Queues, galas and red carpets: dispatches from the TIFF

Preparing for the Toronto International Film Festival (TIFF) is like preparing for your wedding day. Schedules, outfits, food; all should be planned to the nth degree if your festival is to run smoothly. Then again, sometimes the less prepared you are, the more fun it is.

For every screening and event there is a ‘rush line’ (what happened to ‘queue’?) for those who weren’t prepared to get up at the crack of dawn and pre-book tickets. Depending on the screening, turning up at least 2 hours before curtain-up should put you in a good position in line and hopefully guarantee you a seat – or, if you’re very lucky, someone might come down the line looking to sell a spare ticket or two.

If there’s one nation that can beat the British at the art of queueing, it’s Canada. Rather than resembling a scramble for tins during a zombie apocalypse, the rush line is a very civilized, friendly place (and if the TIFF magazine is to be believed, sometimes it can even lead to love). It’s a great place to swap stories of the films you’ve seen and the stars you’ve spotted; people don’t bat an eyelid at your weird accent, as film-lovers flock to TIFF from all over the world.

There are also all sorts of TIFF traditions that can take a newbie by surprise, especially when you’re watching a film in a huge opera house with the audience dressed up to the nines. A favourite is the sudden chorus of Long John Silver-style ‘Y’aaargh’s which accompanies the piracy laws title card (piracy, pirates, get it?). In true North American style, however, there is still popcorn on sale for all the rich people to drop down their fancy clothes.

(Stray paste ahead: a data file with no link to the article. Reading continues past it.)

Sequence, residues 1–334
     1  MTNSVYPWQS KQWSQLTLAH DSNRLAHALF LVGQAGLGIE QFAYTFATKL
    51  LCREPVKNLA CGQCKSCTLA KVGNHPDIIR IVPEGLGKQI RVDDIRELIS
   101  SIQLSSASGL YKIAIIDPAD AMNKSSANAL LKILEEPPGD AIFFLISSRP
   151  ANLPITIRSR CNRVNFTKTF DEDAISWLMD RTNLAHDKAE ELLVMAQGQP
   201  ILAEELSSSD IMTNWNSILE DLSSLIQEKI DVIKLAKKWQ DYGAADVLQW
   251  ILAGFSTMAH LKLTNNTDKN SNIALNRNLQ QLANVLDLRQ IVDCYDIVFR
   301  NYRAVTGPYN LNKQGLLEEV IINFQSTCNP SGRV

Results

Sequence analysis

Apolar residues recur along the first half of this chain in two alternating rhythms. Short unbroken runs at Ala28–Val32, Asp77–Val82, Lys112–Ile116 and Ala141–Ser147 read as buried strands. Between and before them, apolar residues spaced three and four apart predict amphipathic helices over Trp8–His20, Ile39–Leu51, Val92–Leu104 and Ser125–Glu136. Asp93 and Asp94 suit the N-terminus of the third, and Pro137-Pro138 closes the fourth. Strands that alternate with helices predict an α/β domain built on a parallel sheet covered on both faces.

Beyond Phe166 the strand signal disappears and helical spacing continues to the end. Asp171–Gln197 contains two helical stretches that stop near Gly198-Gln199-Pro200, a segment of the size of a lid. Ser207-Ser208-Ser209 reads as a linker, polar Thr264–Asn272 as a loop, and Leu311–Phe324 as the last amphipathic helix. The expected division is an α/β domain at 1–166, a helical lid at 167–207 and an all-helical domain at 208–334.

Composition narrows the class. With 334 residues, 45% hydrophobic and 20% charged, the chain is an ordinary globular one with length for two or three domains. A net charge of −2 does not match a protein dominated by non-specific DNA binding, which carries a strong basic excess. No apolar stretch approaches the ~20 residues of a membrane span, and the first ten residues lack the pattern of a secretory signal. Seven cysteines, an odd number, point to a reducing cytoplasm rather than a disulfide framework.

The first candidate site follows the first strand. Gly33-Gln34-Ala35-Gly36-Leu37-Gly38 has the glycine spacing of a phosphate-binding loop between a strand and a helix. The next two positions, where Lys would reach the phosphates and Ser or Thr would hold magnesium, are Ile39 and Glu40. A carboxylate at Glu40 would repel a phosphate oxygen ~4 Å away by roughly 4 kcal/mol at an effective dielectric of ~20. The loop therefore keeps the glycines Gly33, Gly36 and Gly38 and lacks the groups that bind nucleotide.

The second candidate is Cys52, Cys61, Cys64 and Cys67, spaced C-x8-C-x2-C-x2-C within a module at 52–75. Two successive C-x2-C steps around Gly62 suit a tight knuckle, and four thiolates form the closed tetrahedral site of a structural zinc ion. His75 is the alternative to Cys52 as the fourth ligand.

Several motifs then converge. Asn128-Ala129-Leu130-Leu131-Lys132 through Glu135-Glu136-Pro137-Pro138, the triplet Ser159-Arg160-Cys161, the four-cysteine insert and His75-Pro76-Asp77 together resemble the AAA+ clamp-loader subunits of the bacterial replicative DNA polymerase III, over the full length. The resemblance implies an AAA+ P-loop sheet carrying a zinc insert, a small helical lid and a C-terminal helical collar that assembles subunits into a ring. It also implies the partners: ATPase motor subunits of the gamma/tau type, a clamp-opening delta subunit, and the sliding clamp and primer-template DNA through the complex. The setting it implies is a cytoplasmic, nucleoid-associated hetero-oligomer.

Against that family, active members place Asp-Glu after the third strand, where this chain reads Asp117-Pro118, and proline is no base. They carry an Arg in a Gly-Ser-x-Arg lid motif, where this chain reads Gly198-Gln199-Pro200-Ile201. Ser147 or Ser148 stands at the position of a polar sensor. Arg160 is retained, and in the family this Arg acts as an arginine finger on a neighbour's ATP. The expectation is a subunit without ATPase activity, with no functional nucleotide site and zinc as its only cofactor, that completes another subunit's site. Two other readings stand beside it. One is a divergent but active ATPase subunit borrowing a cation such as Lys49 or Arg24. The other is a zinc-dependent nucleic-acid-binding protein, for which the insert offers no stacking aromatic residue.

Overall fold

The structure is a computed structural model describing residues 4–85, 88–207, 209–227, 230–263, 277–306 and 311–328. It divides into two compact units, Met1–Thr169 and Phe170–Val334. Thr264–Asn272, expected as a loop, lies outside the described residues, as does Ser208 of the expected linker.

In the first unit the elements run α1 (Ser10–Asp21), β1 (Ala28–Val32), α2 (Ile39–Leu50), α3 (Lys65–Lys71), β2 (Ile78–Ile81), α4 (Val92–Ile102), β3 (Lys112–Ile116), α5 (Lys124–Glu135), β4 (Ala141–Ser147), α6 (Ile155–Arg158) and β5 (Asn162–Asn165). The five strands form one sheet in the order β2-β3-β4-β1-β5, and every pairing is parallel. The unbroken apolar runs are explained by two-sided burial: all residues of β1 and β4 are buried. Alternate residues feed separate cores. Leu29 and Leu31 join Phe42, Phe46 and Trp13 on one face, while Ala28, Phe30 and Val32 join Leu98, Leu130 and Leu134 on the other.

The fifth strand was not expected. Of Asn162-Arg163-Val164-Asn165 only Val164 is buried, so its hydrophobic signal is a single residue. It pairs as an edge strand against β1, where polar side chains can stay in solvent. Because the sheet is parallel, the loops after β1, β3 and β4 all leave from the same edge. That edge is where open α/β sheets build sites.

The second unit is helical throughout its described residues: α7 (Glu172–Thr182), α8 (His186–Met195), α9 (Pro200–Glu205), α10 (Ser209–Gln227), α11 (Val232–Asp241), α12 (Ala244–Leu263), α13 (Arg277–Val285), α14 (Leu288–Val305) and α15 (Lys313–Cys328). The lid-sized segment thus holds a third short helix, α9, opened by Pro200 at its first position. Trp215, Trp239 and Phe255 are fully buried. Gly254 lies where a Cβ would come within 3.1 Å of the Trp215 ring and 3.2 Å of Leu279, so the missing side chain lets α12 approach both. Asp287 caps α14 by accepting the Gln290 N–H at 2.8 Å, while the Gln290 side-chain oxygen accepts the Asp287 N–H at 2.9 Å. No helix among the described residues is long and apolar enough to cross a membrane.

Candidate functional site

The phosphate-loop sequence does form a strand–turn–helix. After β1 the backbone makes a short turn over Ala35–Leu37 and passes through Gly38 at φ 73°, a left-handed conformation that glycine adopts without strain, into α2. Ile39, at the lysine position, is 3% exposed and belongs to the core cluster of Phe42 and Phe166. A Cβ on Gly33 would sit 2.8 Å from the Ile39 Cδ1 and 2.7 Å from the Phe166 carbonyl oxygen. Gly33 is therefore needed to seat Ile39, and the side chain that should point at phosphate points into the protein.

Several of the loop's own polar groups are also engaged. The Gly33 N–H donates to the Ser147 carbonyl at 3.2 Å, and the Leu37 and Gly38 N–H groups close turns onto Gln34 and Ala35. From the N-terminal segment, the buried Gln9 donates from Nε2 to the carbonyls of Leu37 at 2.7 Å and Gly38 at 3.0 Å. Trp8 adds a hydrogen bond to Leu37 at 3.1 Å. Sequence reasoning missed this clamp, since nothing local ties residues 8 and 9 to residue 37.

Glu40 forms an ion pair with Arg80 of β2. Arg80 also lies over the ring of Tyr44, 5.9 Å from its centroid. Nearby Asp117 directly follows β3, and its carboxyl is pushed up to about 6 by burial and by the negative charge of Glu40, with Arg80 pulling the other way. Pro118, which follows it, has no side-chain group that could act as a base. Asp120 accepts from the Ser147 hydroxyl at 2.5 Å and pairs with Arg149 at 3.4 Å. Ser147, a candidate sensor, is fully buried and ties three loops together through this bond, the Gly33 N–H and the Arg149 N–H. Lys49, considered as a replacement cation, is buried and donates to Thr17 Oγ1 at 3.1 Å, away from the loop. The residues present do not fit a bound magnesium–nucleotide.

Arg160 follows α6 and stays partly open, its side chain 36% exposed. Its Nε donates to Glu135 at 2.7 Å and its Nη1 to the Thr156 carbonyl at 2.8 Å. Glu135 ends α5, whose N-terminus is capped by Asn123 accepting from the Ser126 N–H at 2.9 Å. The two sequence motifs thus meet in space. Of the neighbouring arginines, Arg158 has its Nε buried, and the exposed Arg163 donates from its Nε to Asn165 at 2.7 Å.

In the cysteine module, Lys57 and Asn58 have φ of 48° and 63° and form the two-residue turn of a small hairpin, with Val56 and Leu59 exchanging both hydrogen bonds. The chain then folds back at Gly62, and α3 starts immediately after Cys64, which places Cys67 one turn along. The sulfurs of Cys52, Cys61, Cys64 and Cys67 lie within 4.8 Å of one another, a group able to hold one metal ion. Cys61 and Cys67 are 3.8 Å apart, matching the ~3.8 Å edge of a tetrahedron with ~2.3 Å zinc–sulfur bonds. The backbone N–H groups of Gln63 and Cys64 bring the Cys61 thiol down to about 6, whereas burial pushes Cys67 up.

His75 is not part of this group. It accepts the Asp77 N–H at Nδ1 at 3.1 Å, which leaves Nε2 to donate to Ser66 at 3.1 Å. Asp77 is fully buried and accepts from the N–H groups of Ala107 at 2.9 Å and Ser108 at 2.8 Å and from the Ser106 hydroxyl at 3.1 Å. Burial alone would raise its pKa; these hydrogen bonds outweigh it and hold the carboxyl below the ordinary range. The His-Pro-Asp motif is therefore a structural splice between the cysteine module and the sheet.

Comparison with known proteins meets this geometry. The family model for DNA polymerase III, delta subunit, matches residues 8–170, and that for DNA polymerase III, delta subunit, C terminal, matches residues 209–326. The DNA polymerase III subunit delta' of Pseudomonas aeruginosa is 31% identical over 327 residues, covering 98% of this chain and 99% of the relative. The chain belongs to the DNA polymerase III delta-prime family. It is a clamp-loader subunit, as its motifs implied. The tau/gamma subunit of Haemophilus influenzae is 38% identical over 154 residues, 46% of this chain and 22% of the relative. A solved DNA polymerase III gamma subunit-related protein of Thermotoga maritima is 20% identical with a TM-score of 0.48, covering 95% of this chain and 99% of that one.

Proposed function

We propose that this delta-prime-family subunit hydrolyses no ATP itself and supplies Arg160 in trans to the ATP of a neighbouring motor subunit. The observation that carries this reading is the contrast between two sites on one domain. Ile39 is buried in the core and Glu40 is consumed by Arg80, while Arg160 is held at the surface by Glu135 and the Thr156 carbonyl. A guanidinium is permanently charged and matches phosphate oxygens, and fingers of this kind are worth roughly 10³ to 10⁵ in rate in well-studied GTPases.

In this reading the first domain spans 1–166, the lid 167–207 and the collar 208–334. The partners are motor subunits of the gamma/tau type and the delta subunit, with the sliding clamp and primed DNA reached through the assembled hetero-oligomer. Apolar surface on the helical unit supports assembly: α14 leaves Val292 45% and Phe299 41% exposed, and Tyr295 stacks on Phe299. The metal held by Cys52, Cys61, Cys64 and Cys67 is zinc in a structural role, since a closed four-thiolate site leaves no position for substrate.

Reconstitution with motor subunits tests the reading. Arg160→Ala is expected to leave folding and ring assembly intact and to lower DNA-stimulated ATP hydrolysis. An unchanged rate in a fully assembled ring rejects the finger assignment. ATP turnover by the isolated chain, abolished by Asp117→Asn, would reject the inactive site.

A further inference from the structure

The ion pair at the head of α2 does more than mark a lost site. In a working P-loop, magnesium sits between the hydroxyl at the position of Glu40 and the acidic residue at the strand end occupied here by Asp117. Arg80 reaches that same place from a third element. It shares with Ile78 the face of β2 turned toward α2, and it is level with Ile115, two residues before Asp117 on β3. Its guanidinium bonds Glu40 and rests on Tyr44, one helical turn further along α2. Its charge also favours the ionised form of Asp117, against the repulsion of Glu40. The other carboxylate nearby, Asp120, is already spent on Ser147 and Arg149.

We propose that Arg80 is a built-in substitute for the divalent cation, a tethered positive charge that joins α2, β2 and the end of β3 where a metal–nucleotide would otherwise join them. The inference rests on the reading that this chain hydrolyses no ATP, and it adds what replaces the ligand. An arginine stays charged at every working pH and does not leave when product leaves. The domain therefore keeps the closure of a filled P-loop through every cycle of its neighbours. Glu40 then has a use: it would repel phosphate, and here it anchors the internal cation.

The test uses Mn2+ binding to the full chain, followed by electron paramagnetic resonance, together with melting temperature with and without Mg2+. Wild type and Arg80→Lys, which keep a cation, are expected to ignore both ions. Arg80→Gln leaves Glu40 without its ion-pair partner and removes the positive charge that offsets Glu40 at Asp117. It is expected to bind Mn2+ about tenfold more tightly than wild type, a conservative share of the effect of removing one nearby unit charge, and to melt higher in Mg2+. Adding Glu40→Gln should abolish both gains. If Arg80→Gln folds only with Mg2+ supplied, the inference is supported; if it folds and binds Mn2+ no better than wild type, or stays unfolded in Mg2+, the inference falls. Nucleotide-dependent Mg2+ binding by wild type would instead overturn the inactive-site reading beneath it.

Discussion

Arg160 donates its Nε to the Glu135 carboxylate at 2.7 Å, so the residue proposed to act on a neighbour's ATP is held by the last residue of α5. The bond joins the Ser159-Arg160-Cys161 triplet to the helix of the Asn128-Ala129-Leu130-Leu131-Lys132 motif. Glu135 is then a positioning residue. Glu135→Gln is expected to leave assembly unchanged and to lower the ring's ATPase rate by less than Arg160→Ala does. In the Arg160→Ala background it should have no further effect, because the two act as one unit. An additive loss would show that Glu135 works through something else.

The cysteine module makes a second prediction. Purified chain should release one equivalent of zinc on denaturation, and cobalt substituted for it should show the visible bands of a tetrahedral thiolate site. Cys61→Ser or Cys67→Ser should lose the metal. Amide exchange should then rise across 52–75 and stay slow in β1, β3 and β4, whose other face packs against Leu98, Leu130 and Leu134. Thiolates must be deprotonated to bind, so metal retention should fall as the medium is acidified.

Waiting in the rush line for a gala screening of a film like Brad Pitt’s new baseball flick Moneyball, you can hear the screams coming from the red carpet not far away. Rush lines may be civilized places, but red carpets are not. Instead they’re fascinating places for psychology students to hang out and observe the madness.

Rumours spread like wildfire as to who’s going to turn up, who isn’t, and who on earth that guy is, before concluding that they must just have a rich uncle. Some fans camp out all day just to catch a glimpse of their favourite stars – or, to be frank, of anyone famous. When Jason Statham turned up, people were rushing forward and still asking, “Who is he?” It seems that some are just attracted to fame. One day a fight broke out between people trying to jostle their way to the front. Of course, it’s hard not to get caught up in all the excitement, especially when Viggo Mortensen is only 3 feet away (come on, it’s Aragorn!).

If you’re lucky enough to sneak into a gala, then you might be treated to a Q&A afterwards, and sometimes these are more entertaining than the film. Case in point: Roland Emmerich’s new film Anonymous, which explores who really wrote Shakespeare’s plays. Between Emmerich talking like a fourteen year old girl (“I’m, like, so excited to be, like, in Toronto”), and a rather merry Rhys Ifans giving a long rambling answer about the Bible, Joely Richardson saved the day with an articulate and interesting answer, although she didn’t altogether avoid the mutual back-slapping that goes on at these things.

So there you have it – against all astronomical logic, your best chance of seeing the stars is to spend hours waiting out in the midday sun with all the mad dogs and Englishmen…

Check back soon for the first instalment of Hannah’s TIFF mini-reviews!

About The Author

Hannah graduated in September 2010 with a Masters in Film and Literature, which is lucky because all she really wants to do is watch films and write about them. At university she was Film and TV Editor, then Deputy Arts Editor of The Yorker, the university's online publication. Don't judge her for the fact that her favourite film is 'The Sound of Music', as she's open to pretty much anything. Now a freelance film journalist, she maintains her own blog and is happy to receive any enquiries about her work.